Gone To Texas

After the Civil War, the states of the former Confederacy lay in ruin.  This included the state of Alabama, from which most of the St. John’s community originated.  Confederate soldiers made their way back home only to find their farms and thus their livelihood in ashes.  Men returned to starving wives and children, cities and businesses burned to the ground, and a social structure that had been upended by emancipation.  Many decided that it was fruitless to rebuild and sought a new start on the western frontier... in Texas.

Compared with the rest of the Confederacy, Texas remained relatively unscathed by the Civil War.  It lies west of the Mississippi River and once Union forces took complete control of the river by forcing the surrender of Vicksburg, Mississippi, Texas was cut off from the rest of the Confederacy.  The U.S. Army made two attempts to conquer the Lone Star State, but both met with limited success.  In all, by the end of the Civil War Texas maintained its infrastructure and its economy was relatively unharmed.  For this reason a flood of migrants from the Southeastern United States began picking up and moving to Texas writing “Gone To Texas” or simply “GTT” over their doorways.  Between 1870 and 1890 the state’s population grew 173 percent. During the same time period, the African American population in Texas grew from 253,475 in 1870 to 488,171 in 1890.  

The people of St. John’s community were a part of this migration and growth in population.  Railroads connected North Texas with the Southeast and the wider world by the mid 1880s, and it is possible that they made the arrival of many members of the St. John’s community possible.  During the same time period, many people sought work and a new start in the West.  In a migration known as the Exoduster Movement, thousands of African Americans left the Southeast for the Great Plains as settlement of that area was encouraged through the Homestead Act of 1862.  This opened up opportunities in North Texas (on the far southeastern edge of the Great Plains) and may have been one of the pull factors that brought the people of St. John’s from Alabama and Missouri to Texas.  Unfortunately, the exact reason the St. John’s community came to North Texas is unknown.  While it remains a mystery, this exhibit showcases a few of the infinitely possible reasons why and how members of the St. John’s community came to Texas.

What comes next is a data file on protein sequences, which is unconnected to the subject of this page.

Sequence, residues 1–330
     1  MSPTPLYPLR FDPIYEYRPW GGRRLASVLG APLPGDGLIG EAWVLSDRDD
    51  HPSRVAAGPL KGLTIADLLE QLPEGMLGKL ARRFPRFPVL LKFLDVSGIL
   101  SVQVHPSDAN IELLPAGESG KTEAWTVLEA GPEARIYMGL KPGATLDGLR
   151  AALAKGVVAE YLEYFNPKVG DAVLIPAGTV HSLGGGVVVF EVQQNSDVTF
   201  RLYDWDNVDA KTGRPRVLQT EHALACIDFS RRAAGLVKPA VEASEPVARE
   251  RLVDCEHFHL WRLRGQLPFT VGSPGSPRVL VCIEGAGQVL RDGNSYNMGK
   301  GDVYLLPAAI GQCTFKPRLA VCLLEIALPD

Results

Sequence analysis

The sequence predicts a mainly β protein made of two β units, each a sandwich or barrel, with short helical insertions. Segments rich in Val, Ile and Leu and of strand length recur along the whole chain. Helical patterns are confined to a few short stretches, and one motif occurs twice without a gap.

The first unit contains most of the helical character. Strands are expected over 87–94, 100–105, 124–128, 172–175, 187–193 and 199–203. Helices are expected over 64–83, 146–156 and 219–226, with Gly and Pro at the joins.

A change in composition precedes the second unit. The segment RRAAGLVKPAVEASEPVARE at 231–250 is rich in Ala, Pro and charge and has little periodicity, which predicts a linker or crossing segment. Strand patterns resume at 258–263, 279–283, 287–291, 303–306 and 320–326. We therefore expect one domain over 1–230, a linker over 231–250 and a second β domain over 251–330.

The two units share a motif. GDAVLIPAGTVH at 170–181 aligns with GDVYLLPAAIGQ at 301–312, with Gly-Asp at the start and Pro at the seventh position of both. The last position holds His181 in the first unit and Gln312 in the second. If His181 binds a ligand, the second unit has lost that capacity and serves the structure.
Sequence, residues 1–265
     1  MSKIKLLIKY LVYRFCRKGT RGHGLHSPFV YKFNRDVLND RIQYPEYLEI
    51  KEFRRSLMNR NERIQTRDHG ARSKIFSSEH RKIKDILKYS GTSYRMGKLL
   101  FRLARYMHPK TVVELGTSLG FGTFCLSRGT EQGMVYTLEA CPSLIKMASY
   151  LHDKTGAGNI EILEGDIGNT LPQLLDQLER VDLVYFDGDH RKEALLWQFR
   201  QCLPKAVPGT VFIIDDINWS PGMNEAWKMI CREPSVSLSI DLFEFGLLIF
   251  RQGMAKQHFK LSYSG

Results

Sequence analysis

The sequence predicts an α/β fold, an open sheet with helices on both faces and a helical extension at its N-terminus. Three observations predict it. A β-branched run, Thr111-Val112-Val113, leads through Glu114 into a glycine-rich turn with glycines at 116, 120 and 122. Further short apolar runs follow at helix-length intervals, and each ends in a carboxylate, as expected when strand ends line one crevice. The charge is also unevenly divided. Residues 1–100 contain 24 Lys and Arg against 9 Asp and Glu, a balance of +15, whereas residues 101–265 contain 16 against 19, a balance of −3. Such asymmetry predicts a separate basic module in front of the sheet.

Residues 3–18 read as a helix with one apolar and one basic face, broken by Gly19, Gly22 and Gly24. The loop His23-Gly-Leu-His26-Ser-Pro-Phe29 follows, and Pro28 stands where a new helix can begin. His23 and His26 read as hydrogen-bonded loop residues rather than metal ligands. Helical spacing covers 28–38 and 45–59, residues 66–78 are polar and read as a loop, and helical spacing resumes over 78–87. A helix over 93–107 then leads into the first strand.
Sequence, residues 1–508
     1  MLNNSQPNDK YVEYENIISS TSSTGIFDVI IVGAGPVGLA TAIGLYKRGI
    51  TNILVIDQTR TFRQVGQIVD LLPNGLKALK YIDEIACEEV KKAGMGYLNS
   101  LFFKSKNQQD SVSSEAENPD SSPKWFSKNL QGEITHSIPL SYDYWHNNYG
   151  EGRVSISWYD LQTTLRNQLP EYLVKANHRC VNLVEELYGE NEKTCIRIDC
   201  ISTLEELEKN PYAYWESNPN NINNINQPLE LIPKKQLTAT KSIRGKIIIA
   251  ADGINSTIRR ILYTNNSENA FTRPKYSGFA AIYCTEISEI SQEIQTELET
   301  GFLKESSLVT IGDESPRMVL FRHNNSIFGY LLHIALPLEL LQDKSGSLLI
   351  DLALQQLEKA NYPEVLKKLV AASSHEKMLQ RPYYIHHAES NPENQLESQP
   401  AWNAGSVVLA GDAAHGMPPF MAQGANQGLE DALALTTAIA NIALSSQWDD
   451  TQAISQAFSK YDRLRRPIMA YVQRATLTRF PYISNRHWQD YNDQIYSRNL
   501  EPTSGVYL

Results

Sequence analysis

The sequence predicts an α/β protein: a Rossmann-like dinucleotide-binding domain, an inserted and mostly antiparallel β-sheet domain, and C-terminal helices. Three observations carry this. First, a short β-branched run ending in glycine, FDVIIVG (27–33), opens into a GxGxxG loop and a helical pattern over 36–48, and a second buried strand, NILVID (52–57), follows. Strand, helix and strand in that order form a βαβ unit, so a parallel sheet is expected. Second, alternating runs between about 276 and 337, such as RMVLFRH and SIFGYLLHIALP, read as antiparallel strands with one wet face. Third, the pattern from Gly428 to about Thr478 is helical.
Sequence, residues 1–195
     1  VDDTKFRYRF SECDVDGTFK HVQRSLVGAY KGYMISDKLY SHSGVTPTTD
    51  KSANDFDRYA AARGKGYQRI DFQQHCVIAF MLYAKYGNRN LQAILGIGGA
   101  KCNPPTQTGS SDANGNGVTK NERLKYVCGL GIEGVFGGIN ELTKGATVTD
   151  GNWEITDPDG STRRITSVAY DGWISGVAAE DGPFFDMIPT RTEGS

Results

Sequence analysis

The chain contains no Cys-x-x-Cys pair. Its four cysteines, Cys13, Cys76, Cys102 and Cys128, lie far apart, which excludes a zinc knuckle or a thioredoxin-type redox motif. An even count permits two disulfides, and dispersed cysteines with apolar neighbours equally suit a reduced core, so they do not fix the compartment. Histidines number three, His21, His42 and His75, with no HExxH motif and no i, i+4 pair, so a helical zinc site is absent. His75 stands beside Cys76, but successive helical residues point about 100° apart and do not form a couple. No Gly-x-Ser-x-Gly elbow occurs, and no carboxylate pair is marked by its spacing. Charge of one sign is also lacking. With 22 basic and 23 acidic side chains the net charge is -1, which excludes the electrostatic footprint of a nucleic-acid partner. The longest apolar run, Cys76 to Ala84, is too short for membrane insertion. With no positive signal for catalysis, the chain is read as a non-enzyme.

Ann Allen | Isaac Allen | Matilda Allen | Thomas Allen | Martha Billingslea | John Burton | Louisa Burton | Dora Davis | Wash Davis | Charles Ellis | Mrs. Charles Ellis | Gus Finch | Josaphine Finch | Mary Turner Fourteen | Eliza Jane White Green | Hezekiah Griffin | Lindsay Haflin | Melvinie Hays | Charity Shears Holloway Helm | Henry Holloway | Georgia Ann Holstein | Abraham Lyles | Mary Varner Lyles | Marvin Newsom | Charles Oliver | Peggy Oliver | Mary B. Finch Peace | James Robinson | Harriet Davis Shears | Henry Shears | Lucy Shears | Risom Shears | Henry Smith | Lissie Smith | Little Smith | Agle Lee Truitt | George Truitt | Lou Smith Truitt | Ceborn Vaughner | Lewis Vaughner | L.D. "Lover" Vaughner | Jennie Lyles Walker | Infant Ware | Infant Ware II | Mattie Finch Washington | John D. White | Washington Whitlow | Amanda "Mandy" Truitt Williams | Angeline Williamson

The People of St. John's - St. John's Cemetery - Gone to Texas

Citations: Campbell, Randolph. Gone to Texas: A History of The Lone Star State. (New York: Oxford University Press, 2003), 290-291; The Handbook of Texas; “Exodusters,” National Parks Service. Accessed April 30, 2018. https://www.nps.gov/home/learn/historyculture/exodusters.htm.